Conrad TyphoonWith collapsed buildings, fires, flooded subways, a beached ship, and scorched transformers throughout New York City, some residents are thinking there is no worse place to be on earth right about now, but that may not necessarily be true.  In some cases, the worst place to ride out a hurricane is aboard a ship, but what does it feel like to do so?

While technological improvements in speed and engine reliability have made riding out a storm at sea marginally safer, no man-made invention have reduced the destructive force of giant waves crashing against steel ships. And no-one has captured the sheer agony and terror of witnessing a hurricane at sea like Joseph Conrad did in his classic novel Typhoon.

The following is an excerpt from the book which rings as true today as when it was published nearly 100 years ago:

It unveiled for a sinister, fluttering moment a ragged mass of clouds hanging low, the lurch of the long outlines of the ship, the black figures of men caught on the bridge, heads forward, as if petrified in the act of butting. The darkness palpitated down upon all this, and then the real thing came at last.

It was something formidable and swift, like the sudden smashing of a vial of wrath. It seemed to explode all round the ship with an overpowering concussion and a rush of great waters, as if an immense dam had been blown up to windward. In an instant the men lost touch of each other. This is the disintegrating power of a great wind: it isolates one from one’s kind. An earthquake, a landslip, an avalanche, overtake a man incidentally, as it were—without passion. A furious gale attacks him like a personal enemy, tries to grasp his limbs, fastens upon his mind, seeks to rout his very spirit out of him…

The motion of the ship was extravagant. Her lurches had an appalling helplessness: she pitched as if taking a header into a void, and seemed to find a wall to hit every time. When she rolled she fell on her side headlong, and she would be righted back by such a demolishing blow that Jukes felt her reeling as a clubbed man reels before he collapses. The gale howled and scuffled about gigantically in the darkness, as though the entire world were one black gully. At certain moments the air streamed against the ship as if sucked through a tunnel with a concentrated solid force of impact that seemed to lift her clean out of the water and keep her up for an instant with only a quiver running through her from end to end. And then she would begin her tumbling again as if dropped back into a boiling cauldron. Jukes tried hard to compose his mind and judge things coolly.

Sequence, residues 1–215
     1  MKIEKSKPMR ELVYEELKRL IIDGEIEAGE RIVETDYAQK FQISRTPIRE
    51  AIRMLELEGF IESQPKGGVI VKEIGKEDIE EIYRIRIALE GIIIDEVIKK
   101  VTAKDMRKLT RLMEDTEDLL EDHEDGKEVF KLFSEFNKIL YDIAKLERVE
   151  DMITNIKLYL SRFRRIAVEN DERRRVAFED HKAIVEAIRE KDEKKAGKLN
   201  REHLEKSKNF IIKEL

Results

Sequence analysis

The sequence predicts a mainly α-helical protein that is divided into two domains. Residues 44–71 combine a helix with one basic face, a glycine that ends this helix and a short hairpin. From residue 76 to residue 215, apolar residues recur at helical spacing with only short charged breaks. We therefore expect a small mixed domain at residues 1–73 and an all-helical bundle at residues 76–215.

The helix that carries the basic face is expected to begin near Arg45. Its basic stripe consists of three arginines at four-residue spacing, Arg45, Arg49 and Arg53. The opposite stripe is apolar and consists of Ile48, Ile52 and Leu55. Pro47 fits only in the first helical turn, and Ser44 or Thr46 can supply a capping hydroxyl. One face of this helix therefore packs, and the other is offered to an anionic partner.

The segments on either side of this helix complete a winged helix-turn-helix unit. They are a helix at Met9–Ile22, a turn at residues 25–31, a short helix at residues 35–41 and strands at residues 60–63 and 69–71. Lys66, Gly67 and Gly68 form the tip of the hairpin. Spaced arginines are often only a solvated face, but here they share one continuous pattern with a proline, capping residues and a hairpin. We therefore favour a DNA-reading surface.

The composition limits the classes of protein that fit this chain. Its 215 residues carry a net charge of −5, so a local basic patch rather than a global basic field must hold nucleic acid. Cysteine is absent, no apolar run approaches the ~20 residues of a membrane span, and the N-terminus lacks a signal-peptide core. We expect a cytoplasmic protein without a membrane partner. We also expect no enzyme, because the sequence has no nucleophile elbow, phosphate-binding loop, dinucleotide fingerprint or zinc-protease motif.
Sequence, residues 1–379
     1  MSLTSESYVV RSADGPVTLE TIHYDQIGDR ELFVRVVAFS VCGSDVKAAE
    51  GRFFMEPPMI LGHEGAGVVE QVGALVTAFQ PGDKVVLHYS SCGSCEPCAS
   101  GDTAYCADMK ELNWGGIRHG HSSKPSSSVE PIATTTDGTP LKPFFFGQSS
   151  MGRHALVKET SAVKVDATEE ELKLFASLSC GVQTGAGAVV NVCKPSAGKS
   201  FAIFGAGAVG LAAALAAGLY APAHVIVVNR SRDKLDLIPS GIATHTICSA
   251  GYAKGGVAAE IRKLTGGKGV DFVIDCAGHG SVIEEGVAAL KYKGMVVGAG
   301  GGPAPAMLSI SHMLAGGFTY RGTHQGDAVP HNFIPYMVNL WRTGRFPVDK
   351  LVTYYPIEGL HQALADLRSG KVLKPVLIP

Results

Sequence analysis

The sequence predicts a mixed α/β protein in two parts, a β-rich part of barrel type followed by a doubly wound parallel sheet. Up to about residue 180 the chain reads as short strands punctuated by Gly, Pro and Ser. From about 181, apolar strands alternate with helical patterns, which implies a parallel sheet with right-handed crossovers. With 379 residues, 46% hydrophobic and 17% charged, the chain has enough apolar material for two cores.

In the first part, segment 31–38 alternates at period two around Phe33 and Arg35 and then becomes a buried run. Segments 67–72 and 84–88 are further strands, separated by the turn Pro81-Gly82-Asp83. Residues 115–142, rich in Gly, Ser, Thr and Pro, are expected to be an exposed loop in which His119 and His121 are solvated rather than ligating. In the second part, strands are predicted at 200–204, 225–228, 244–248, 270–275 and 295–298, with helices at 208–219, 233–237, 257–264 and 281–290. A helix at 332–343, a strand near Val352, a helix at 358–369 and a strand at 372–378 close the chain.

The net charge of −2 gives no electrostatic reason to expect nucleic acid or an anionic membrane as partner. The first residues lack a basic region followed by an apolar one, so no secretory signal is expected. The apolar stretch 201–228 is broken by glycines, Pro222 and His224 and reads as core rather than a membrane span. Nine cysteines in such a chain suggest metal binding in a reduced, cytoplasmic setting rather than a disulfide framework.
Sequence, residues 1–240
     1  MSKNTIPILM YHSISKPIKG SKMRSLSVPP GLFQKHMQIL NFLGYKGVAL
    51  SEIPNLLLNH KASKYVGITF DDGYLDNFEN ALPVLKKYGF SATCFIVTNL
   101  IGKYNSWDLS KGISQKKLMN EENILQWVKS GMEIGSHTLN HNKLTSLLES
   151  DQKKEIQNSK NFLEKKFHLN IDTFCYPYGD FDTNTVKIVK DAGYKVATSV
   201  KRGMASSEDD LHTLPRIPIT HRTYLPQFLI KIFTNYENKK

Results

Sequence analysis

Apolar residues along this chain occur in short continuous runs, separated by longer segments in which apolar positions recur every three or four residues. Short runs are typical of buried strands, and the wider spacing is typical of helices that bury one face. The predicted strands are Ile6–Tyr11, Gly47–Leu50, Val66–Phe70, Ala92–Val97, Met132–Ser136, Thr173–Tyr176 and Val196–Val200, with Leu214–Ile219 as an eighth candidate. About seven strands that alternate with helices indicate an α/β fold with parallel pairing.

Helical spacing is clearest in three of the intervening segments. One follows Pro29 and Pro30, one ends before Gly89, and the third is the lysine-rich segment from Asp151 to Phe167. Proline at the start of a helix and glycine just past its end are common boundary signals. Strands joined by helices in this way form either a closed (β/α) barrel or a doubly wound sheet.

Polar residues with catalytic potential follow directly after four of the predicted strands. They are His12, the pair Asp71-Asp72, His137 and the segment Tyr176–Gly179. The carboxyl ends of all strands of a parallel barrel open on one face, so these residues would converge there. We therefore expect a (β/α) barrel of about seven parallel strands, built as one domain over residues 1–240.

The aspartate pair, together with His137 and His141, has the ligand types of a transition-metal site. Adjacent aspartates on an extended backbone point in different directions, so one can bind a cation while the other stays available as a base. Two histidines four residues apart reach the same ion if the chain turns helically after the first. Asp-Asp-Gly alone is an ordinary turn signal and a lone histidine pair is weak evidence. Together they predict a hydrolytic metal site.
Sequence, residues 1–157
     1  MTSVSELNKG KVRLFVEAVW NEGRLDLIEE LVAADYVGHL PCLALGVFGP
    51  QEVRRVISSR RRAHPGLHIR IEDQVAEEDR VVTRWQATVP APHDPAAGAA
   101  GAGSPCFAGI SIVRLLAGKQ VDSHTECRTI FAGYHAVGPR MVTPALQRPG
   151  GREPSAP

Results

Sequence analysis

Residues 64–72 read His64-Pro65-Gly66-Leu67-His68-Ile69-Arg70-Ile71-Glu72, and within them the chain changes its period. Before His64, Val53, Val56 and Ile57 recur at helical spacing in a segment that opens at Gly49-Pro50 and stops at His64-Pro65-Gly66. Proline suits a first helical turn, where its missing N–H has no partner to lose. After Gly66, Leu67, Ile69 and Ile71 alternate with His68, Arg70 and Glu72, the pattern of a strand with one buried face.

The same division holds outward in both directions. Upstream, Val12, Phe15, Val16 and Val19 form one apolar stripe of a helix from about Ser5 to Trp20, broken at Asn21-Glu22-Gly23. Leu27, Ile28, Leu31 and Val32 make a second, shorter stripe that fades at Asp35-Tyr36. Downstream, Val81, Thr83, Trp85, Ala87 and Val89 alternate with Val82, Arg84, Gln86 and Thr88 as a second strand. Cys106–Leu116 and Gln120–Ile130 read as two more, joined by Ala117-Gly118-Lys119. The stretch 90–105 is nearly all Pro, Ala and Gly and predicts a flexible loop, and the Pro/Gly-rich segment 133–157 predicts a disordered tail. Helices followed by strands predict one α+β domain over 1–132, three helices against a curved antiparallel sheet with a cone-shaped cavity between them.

The sea, flattened down in the heavier gusts, would uprise and overwhelm both ends of our ship (the Nan-Shan) in snowy rushes of foam, expanding wide, beyond both rails, into the night. And on this dazzling sheet, spread under the blackness of the clouds and emitting a bluish glow, Captain MacWhirr could catch a desolate glimpse of a few tiny specks black as ebony, the tops of the hatches, the battened companions, the heads of the covered winches, the foot of a mast. This was all he could see of his ship. Her middle structure, covered by the bridge which bore him, his mate, the closed wheelhouse where a man was steering shut up with the fear of being swept overboard together with the whole thing in one great crash—her middle structure was like a half-tide rock awash upon a coast. It was like an outlying rock with the water boiling up, streaming over, pouring off, beating round—like a rock in the surf to which shipwrecked people cling before they let go—only it rose, it sank, it rolled continuously, without respite and rest, like a rock that should have miraculously struck adrift from a coast and gone wallowing upon the sea.

The Nan-Shan was being looted by the storm with a senseless, destructive fury: trysails torn out of the extra gaskets, double-lashed awnings blown away, bridge swept clean, weather-cloths burst, rails twisted, light-screens smashed—and two of the boats had gone already. They had gone unheard and unseen, melting, as it were, in the shock and smother of the wave. It was only later, when upon the white flash of another high sea hurling itself amidships, Jukes had a vision of two pairs of davits leaping black and empty out of the solid blackness, with one overhauled fall flying and an iron-bound block capering in the air, that he became aware of what had happened within about three yards of his back.

Click HERE to read the rest of this gripping tale of man vs the sea. And if you find yourself yearning for more high seas terror, or if are interested in a more modern tale, then check out the true story of the epic 1991 Nor’easter in Sebastian Junger’s  The Perfect Storm: A True Story of Men Against the Sea.

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